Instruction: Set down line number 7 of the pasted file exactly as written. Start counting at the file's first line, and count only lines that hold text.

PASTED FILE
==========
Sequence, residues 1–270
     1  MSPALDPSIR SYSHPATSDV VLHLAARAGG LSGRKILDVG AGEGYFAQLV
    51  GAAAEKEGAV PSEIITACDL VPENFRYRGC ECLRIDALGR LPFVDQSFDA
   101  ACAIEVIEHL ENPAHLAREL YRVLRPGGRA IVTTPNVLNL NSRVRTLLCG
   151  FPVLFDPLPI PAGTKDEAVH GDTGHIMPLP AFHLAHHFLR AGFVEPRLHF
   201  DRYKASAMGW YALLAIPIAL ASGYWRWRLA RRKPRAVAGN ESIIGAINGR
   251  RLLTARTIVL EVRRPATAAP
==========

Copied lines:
   251  RLLTARTIVL EVRRPATAAP